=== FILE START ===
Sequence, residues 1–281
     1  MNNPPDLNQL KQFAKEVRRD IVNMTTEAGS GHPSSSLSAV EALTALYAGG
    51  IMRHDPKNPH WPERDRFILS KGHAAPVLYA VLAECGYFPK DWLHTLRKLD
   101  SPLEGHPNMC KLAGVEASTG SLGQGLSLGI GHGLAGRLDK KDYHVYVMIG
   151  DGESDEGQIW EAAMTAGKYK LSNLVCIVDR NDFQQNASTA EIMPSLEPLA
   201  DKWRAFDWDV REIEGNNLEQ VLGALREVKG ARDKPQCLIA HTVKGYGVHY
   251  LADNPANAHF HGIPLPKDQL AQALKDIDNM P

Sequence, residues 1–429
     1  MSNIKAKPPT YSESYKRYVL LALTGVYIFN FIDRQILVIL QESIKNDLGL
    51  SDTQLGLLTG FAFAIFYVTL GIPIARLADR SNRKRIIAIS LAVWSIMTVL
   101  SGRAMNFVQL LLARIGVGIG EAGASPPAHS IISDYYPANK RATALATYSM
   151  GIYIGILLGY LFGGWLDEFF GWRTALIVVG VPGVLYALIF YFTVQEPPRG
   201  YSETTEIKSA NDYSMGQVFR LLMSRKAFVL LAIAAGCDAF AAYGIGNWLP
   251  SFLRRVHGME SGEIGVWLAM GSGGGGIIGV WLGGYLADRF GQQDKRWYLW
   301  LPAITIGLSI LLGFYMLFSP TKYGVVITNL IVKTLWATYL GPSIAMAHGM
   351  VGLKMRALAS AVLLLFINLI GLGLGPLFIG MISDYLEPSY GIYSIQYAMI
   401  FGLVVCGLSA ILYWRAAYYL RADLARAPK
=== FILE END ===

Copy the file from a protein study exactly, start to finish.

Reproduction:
Sequence, residues 1–281
     1  MNNPPDLNQL KQFAKEVRRD IVNMTTEAGS GHPSSSLSAV EALTALYAGG
    51  IMRHDPKNPH WPERDRFILS KGHAAPVLYA VLAECGYFPK DWLHTLRKLD
   101  SPLEGHPNMC KLAGVEASTG SLGQGLSLGI GHGLAGRLDK KDYHVYVMIG
   151  DGESDEGQIW EAAMTAGKYK LSNLVCIVDR NDFQQNASTA EIMPSLEPLA
   201  DKWRAFDWDV REIEGNNLEQ VLGALREVKG ARDKPQCLIA HTVKGYGVHY
   251  LADNPANAHF HGIPLPKDQL AQALKDIDNM P

Sequence, residues 1–429
     1  MSNIKAKPPT YSESYKRYVL LALTGVYIFN FIDRQILVIL QESIKNDLGL
    51  SDTQLGLLTG FAFAIFYVTL GIPIARLADR SNRKRIIAIS LAVWSIMTVL
   101  SGRAMNFVQL LLARIGVGIG EAGASPPAHS IISDYYPANK RATALATYSM
   151  GIYIGILLGY LFGGWLDEFF GWRTALIVVG VPGVLYALIF YFTVQEPPRG
   201  YSETTEIKSA NDYSMGQVFR LLMSRKAFVL LAIAAGCDAF AAYGIGNWLP
   251  SFLRRVHGME SGEIGVWLAM GSGGGGIIGV WLGGYLADRF GQQDKRWYLW
   301  LPAITIGLSI LLGFYMLFSP TKYGVVITNL IVKTLWATYL GPSIAMAHGM
   351  VGLKMRALAS AVLLLFINLI GLGLGPLFIG MISDYLEPSY GIYSIQYAMI
   401  FGLVVCGLSA ILYWRAAYYL RADLARAPK